The Panel notes that the Respondent has been afforded every opportunity in the course of these proceedings to explain its actions and to respond to the affidavit which was made by Mr Greenberg, but has failed to do so. Accordingly the Panel infers based on this evidence that the Respondent registered or acquired not only the disputed domain name at issue (<mrprice.com.au>) but, on the balance of probabilities, also the other two disputed domain names, being identical or confusingly similar variants of <mrprice.com.au>, in bad faith and for the purpose of re-sale at a substantial profit in terms of paragraph 4(b)(i) of the Policy.
The evidence of the Respondent’s registration and use in bad faith as noted above is only reinforced by the Respondent’s failure to use and apparent passive holding of the disputed domain names in terms of the principle from Telstra Corporation Ltd. v. Nuclear Marshmallows, WIPO Case No. D2000-0003.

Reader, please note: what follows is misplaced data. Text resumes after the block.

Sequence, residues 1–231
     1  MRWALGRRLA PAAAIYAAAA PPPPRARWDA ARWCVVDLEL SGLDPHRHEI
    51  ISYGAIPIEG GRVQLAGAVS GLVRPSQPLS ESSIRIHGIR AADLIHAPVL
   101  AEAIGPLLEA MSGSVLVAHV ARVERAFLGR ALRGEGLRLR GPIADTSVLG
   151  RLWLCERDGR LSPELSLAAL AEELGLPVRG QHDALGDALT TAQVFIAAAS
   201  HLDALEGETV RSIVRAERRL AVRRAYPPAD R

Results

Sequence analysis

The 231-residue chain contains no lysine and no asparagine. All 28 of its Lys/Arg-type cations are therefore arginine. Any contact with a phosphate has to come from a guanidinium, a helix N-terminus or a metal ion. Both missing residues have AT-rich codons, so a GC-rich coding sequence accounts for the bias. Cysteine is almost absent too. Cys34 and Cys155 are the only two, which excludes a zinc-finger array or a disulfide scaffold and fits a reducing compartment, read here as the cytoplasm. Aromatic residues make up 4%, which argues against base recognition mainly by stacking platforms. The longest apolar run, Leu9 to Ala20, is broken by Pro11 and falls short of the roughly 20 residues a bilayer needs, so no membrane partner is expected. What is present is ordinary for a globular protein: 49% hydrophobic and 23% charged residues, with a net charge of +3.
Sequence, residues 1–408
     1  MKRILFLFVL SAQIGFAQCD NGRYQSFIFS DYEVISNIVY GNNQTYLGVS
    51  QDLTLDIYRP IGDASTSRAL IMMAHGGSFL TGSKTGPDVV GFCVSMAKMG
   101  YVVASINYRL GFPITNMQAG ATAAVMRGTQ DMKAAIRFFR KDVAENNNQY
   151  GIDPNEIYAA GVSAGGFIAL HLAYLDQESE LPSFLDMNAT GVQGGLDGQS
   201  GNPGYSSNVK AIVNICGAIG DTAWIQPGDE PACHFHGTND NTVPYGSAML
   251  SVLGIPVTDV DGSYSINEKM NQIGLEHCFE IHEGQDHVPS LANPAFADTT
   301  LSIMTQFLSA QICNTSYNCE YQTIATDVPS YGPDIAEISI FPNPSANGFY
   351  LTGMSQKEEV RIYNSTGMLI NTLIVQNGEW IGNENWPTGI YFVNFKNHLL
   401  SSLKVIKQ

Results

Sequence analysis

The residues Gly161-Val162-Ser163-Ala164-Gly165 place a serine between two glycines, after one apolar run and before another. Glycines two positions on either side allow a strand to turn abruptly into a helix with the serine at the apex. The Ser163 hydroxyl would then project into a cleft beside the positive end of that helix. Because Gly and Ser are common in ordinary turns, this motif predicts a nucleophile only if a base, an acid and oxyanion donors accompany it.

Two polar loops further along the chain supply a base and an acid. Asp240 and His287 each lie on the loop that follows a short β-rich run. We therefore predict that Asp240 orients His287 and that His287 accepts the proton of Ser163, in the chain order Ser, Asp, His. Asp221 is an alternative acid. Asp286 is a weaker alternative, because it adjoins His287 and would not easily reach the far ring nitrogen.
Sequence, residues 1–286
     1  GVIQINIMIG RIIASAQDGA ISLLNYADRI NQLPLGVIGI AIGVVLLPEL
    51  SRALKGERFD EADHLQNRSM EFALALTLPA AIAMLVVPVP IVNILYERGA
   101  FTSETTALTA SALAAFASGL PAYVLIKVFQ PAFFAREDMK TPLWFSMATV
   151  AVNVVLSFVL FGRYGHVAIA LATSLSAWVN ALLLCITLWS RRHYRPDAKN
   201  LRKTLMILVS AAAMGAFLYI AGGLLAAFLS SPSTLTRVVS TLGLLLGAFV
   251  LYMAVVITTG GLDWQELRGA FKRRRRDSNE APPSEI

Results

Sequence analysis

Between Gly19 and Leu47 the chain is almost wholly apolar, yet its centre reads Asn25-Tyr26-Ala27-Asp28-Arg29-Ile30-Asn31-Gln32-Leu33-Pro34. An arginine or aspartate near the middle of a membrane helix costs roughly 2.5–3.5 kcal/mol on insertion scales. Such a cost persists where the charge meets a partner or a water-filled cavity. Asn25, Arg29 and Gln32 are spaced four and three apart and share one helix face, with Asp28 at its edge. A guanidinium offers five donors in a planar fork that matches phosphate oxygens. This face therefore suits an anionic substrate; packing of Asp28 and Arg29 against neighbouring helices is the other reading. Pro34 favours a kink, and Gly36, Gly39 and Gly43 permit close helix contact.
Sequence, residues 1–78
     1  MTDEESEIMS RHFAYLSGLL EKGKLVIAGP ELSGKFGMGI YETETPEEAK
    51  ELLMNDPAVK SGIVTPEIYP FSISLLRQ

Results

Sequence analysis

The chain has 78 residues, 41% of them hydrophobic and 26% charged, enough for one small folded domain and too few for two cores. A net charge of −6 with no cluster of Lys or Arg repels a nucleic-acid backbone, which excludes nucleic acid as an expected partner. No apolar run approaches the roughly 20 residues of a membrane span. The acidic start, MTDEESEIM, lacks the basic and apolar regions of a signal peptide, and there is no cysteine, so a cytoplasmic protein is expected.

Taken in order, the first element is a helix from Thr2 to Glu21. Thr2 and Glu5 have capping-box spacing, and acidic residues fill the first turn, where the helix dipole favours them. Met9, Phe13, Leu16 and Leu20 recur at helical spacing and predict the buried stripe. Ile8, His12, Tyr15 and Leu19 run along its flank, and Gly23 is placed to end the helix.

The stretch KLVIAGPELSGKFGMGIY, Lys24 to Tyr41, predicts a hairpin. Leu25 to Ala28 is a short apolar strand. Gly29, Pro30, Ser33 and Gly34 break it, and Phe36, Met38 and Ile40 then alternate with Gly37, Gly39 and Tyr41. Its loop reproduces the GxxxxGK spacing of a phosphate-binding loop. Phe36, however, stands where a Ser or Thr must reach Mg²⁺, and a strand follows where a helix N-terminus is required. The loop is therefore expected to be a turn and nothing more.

For these reasons the Panel finds that the Complaint succeeds in relation to the third element of the Policy.
For all the foregoing reasons, in accordance with paragraphs 4(i) of the Policy and 15 of the Rules, the Panel orders that the disputed domain names <mrprice.com.au>, <mrprice.net.au> and <misterprice.com.au> be transferred to the Complainant provided the Registrar is satisfied that the Complainant fulfills the eligibility criteria set out in Schedule C of the Australian Domain Name Authority’s Domain Name Eligibility and Allocation Policy Rules for the Open 2LDs (2012-04) for ownership of the disputed domain names. Alternatively, the Panel orders that the disputed domain name <mrprice.com.au>, <mrprice.net.au> and <misterprice.com.au> be cancelled
Date: January 24, 2014